There used to be a popular car sticker with the inscription, “Insured by the mafia. You hit me, we hit you!”, which seems to have vanished from our streets. The message therein is simple: It is based on a notion of equating vengeance with justice and the absence of proportion between offence and punishment. Unfortunately, that is the situation in our country today as more and more Nigerians boycott the court in favour of judicial black market where “justice” is swift and without mercy. It is then little wonder that almost every day comes with stories of killings, most of them based on revenge for real or perceived injury.
If we will also be honest, our justice administration system has reached a point where it is almost impossible to secure conviction even for crime suspects caught in the act and for that reason, many Nigerians would rather take the laws into their own hands. Today, there are too numerous homicide cases that remain unresolved, and given our collective amnesia as a nation, the criminals in our midst also know this so they continue to ply their trade, almost certain they would get away with it.
Following the recent campus killings in Port Harcourt and Mubi, there has been a public outrage by several Nigerians. But very soon we will move on, as we always do, and the cases will be forgotten while the suspects will be freed either as a result of pressure from some big men or for want of diligent prosecution. There are too many cases I can cite to highlight that unfortunate scenario but I recall how I felt on July 10, 1999 when the news broke that some cultists entered Obafemi Awolowo University, Ile-Ife campus and brutally hacked to death some promising students. Who remembers them again?
A new book, titled “Water Must Flow Uphill (Adventures in University Administration)” by Prof. Roger Makanjuola, has captured the incident we all seem to have forgotten in a way that will draw tears to many eyes. Appointed V.C. in the wake of the tragedy to replace Prof Wale Omole (current Chairman of the Guardian Editorial Board), Makanjuola’s book is highly revealing of what happens on our campuses, and the things most Professors do (including the use of juju), in their bid to become vice chancellor! The bit that is, however, of interest to this discourse is the narrative of what led to the July 10, 1999 tragedy at Ife and what followed afterwards. From the excerpts, we can draw our own conclusions as to why Nigeria is fast becoming a killing field:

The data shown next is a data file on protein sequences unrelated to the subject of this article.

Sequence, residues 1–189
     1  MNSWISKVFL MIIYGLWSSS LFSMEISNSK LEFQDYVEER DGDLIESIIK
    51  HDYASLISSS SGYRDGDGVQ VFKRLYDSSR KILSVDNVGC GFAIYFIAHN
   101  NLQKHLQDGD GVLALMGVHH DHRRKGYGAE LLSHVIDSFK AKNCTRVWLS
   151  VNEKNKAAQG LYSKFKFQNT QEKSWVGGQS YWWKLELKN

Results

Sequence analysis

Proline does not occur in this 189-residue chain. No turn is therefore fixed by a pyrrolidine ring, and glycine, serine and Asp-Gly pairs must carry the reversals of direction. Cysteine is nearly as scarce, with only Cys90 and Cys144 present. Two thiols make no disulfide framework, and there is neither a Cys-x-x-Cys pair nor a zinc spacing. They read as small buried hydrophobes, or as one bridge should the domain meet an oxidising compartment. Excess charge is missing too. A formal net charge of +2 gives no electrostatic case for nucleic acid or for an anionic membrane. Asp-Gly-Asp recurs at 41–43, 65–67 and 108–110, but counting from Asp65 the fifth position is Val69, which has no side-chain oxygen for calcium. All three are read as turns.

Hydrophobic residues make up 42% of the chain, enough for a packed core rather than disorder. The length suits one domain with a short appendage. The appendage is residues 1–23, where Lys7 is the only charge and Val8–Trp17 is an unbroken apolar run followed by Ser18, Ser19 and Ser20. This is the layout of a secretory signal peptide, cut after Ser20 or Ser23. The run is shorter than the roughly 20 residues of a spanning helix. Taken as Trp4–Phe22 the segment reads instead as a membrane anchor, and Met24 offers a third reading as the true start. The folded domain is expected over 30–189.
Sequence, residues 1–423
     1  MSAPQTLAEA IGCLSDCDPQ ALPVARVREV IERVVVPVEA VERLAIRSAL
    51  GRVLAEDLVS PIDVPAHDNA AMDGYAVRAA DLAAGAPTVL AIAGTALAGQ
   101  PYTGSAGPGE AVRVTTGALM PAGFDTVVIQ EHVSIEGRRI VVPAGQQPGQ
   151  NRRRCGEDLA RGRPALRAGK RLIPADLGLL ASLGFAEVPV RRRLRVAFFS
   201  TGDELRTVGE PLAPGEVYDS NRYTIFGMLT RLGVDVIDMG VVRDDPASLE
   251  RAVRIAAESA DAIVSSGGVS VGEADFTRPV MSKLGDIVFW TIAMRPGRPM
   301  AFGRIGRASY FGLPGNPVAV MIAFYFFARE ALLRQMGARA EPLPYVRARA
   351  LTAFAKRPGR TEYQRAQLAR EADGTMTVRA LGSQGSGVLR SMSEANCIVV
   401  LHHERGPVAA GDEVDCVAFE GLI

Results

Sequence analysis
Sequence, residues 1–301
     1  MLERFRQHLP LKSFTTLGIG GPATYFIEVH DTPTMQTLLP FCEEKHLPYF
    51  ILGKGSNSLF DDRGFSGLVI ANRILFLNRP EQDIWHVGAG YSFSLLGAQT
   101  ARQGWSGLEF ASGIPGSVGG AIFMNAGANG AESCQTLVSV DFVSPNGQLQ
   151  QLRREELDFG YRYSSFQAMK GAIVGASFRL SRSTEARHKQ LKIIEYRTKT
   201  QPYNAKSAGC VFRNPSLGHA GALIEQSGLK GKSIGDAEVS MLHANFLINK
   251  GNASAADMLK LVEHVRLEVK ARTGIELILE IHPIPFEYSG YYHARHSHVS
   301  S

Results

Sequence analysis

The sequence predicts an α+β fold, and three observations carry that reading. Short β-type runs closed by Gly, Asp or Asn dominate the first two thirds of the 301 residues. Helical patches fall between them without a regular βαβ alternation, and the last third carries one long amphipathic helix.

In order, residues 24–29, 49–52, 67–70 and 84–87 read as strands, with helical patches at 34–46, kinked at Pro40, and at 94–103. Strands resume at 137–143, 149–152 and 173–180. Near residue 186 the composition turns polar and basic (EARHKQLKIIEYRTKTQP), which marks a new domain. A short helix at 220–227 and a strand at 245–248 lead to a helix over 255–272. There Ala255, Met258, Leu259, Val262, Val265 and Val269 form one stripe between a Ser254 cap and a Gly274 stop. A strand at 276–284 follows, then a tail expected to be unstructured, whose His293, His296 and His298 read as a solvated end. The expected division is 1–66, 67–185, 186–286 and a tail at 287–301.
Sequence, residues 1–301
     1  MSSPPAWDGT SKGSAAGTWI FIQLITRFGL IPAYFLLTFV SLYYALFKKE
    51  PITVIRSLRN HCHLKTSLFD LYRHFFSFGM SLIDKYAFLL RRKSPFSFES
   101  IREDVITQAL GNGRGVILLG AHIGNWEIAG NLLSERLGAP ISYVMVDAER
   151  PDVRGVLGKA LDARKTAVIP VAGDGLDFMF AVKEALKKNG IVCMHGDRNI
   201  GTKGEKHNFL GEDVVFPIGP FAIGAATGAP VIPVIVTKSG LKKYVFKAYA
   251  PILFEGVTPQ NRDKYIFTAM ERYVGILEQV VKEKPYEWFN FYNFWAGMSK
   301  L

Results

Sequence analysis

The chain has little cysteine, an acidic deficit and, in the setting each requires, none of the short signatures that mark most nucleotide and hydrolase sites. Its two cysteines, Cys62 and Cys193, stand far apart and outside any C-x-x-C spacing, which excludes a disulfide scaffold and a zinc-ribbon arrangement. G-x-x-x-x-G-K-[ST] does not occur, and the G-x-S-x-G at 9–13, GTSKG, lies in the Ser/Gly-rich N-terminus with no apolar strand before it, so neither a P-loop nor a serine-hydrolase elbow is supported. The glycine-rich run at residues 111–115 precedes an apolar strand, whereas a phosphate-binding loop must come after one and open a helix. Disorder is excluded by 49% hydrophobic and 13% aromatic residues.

On Saturday, 7 March 1999, a group of Black Axe members held a meeting in Ife town. After the meeting, they drove back to the campus. On the main road, Road 1, leading into the campus, they were overtaken by some students in another car. For whatever reason, they were enraged and gave chase to the students. The students, seeing them in pursuit, raced hastily to the car park outside Angola Hall and ran into the adjacent Awolowo Hall for safety. The Students’ Union, which had also received information that secret cult members were gathering in a house in the senior staff quarters, mobilised in response to the incident. Led by George Iwilade, the Secretary-General, a group of them drove to the house, officially occupied by Mr. F.M. Mekoma, and forced their way into the boys’ quarters. They found nine individuals inside, eight of them students of the University, with a submachine gun, a locally manufactured gun, an axe, a bayonet and the black clothing and regalia of the Black Axe cult. The University authorities were informed, and the members of the secret cult were handed over to the Police. They were held in police custody and taken to the Chief Magistrate’s Court where two weeks later they were granted bail.
The case was heard on 31 March, and to the utmost amazement of everyone, the Chief Magistrate discharged and acquitted the arrested individuals. The students who had apprehended the cult members were not called as witnesses. The investigating police officer, Corporal Femi Adewoye, claimed that the witnesses could not be located and actually stated in Court, “I tried to contact the complainants in this case, all to no avail. To date, there is no complainant in the case. Since all the accused persons denied the allegations against them and there is no complainant, there is no way the allegations can be proved.” This was the submission of the prosecuting police officer! Usually, in such cases, witness’ summons were served through the University Administration but this did not happen. The trial was concluded in two court appearances in eight days.